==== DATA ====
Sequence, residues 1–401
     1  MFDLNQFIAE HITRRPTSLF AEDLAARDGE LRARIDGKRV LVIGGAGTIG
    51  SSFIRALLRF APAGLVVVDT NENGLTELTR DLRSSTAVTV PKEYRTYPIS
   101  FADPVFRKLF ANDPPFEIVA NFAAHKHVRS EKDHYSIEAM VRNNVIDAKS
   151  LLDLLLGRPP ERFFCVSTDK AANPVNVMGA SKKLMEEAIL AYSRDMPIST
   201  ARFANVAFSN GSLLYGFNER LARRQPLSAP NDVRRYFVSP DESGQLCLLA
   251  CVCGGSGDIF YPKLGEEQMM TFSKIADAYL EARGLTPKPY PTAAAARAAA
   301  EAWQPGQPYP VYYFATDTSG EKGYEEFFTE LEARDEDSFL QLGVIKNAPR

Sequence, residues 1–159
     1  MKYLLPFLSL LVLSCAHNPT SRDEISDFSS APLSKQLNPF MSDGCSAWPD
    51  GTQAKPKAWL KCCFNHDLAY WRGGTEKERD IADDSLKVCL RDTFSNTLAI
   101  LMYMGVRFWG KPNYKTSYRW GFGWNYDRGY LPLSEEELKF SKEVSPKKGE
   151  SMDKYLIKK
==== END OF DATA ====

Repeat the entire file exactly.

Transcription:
Sequence, residues 1–401
     1  MFDLNQFIAE HITRRPTSLF AEDLAARDGE LRARIDGKRV LVIGGAGTIG
    51  SSFIRALLRF APAGLVVVDT NENGLTELTR DLRSSTAVTV PKEYRTYPIS
   101  FADPVFRKLF ANDPPFEIVA NFAAHKHVRS EKDHYSIEAM VRNNVIDAKS
   151  LLDLLLGRPP ERFFCVSTDK AANPVNVMGA SKKLMEEAIL AYSRDMPIST
   201  ARFANVAFSN GSLLYGFNER LARRQPLSAP NDVRRYFVSP DESGQLCLLA
   251  CVCGGSGDIF YPKLGEEQMM TFSKIADAYL EARGLTPKPY PTAAAARAAA
   301  EAWQPGQPYP VYYFATDTSG EKGYEEFFTE LEARDEDSFL QLGVIKNAPR

Sequence, residues 1–159
     1  MKYLLPFLSL LVLSCAHNPT SRDEISDFSS APLSKQLNPF MSDGCSAWPD
    51  GTQAKPKAWL KCCFNHDLAY WRGGTEKERD IADDSLKVCL RDTFSNTLAI
   101  LMYMGVRFWG KPNYKTSYRW GFGWNYDRGY LPLSEEELKF SKEVSPKKGE
   151  SMDKYLIKK